August 9, 2017 at 8:19 pm #2029
Andrew Nicholls (Temple Host)Participant
My worship really started at a meditation session in a local Theravadin temple. Before meditation the monks will make prostations to the Buddha and we are expected to join in the ritual. This felt odd but somehow good. I’d been researching Buddhism for some time and it felt real. The next time was at an Amida Shu service in Birmingham. Jnanamati was leading the service and again prostrations were done, it felt far more natural and again I felt a closeness to the Buddha.
The first real praise that I felt significant was an all day Nembutsu session one Saturday in Malvern. I arrived st the temple and was greeted by Kaspa, he explained what we were doing and I entered the shrine room. Was greeted by Anjali from Satya and joined in the walking circle of people. This felt strange st first but by the end of the day I was happy to shout out Namo Amida Bu as we circumvented the Buddha. I continued in my car in the forty minute drive back to Birmingham. Haven’t really stopped since then. Whenever I feel alone or happy or sad when I’m grateful and when I’m lost I will say Namo Amida Bu, it always has an impact one way or another. Both of those acts mean a lot to me it’s what makes me feel safe in my bombu world. It gives me a sence of hope and community.
In terms of my vow I guess this would be the precepts and my retreating to the Amida Shu. This meant a great deal to me as it was my vow that I gave myself to the Buddha and would try to live a wholesome life that followed the correct path. Of course there are also Dharmakaras vows which are a part of my practice and in particular the 18th vow.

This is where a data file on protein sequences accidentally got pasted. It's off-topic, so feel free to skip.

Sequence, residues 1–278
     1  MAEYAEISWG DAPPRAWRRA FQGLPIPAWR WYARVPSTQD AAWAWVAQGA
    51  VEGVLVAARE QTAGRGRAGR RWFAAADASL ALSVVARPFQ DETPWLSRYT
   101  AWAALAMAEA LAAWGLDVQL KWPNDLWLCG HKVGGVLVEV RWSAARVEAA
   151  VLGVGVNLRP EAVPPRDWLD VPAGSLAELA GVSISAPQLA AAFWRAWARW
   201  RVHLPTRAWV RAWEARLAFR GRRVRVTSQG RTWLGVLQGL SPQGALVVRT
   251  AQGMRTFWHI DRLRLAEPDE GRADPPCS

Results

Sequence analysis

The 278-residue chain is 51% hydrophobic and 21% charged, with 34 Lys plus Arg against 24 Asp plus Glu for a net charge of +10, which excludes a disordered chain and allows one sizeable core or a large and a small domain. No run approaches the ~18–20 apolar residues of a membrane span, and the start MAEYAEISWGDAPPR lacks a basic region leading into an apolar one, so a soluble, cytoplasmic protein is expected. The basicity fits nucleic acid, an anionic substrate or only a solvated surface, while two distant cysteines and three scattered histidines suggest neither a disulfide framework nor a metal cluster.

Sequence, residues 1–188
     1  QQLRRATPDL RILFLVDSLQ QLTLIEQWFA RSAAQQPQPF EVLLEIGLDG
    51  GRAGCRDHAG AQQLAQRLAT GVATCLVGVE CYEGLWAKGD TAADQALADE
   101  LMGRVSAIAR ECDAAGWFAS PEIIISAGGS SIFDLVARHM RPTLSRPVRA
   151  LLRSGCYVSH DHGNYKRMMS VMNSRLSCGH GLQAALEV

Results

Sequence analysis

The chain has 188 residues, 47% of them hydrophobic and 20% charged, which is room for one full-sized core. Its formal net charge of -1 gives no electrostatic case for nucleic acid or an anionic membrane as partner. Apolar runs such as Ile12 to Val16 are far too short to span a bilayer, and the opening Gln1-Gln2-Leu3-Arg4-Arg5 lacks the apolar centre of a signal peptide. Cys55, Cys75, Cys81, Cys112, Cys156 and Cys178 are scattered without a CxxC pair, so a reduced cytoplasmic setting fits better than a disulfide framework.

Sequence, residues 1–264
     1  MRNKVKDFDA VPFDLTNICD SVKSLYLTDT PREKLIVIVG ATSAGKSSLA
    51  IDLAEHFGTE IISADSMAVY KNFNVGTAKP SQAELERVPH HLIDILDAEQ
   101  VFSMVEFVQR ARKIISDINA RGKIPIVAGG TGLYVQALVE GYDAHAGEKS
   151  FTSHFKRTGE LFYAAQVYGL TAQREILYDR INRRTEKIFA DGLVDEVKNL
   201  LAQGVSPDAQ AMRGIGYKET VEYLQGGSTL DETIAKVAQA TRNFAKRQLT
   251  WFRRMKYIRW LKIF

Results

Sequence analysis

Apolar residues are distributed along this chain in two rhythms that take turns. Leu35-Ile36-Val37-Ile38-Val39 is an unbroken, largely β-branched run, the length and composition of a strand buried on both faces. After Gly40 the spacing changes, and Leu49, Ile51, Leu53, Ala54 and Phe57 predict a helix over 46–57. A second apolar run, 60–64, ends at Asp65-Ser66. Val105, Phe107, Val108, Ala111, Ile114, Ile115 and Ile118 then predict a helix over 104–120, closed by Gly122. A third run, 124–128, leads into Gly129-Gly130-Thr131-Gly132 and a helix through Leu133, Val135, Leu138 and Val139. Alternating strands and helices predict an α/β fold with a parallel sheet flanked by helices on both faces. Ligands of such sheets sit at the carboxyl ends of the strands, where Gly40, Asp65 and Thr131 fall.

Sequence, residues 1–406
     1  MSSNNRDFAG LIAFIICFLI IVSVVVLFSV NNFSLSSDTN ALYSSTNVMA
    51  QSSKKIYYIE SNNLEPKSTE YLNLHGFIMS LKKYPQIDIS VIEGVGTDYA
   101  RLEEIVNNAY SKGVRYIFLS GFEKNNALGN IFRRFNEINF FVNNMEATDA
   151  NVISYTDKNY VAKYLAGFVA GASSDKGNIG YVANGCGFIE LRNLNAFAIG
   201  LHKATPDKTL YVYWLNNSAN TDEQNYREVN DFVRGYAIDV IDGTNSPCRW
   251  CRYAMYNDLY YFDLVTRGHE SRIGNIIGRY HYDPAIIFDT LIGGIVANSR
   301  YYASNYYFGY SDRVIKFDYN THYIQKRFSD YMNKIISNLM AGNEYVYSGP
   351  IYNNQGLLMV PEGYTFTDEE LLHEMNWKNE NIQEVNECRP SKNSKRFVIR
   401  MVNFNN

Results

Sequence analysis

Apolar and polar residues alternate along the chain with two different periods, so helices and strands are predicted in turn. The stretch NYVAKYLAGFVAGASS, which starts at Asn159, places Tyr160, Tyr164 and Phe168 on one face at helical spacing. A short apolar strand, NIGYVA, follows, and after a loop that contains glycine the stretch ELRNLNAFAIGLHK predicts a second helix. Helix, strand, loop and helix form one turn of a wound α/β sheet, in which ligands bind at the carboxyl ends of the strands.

contemplation for me is a mixture of all the first three they all concentrate my mind on the Buddha and then my meditation which I use as secondary practice to enhance my mental wellbeing and mindfulness of the Buddha.
Metta or the transference of merit I am aware of due to my links with Theravada Buddhism. The wish that all people will be happy and free from suffering g. Whenever I say Nembutsu meditate or just think about my faith I hope that this causes a transfer of merit. My hope is that all sentient beings past present and future can learn and feel the love that Amida can give them. This is a strong feeling that to a certain extent I have to control.
August 10, 2017 at 10:17 am #2030
Rev. Satya Robyn (temple host)Moderator
I feel very moved as I read this, Andrew. I also love how the growth of faith inevitably leads, sooner or later, to wanting to share this with others and transfer the merit of what you have received. Thank you for writing this piece.
August 12, 2017 at 6:29 pm #2045
Thank you Andrew, very inspiring what you did write.
December 26, 2018 at 9:05 pm #3238
Jeaunice Tribue BurnetteParticipant
Reading about your experience of faith was uplifting. I don’t mean to sound corny, but my heart soared to read about your growing connection with Amida Buddha. My faith started when I was young as a schoolgirl. I felt safe and basked in the light of Amida. His infinite love guided me. Meanwhile, I researched different faiths. It was only as an adult though that I realized with certainty that I take complete refuge in Amida Buddha. It was a process of maturity for me. Honestly, never thought I would be able to celebrate my faith with other Pure Land Buddhists. I felt totally stranded in the American Bible Belt. The thing that is different now is that I understand, whether I am physically surrounded by other believers or a solitary practitioner-I am never isolated because Amida is with me. All of you here at Friends of Amida are inspiring. Your experiences give me a sense of encouragement. Thank you for being here, in such a short period of time I feel that my faith has expanded with all of your guidance.
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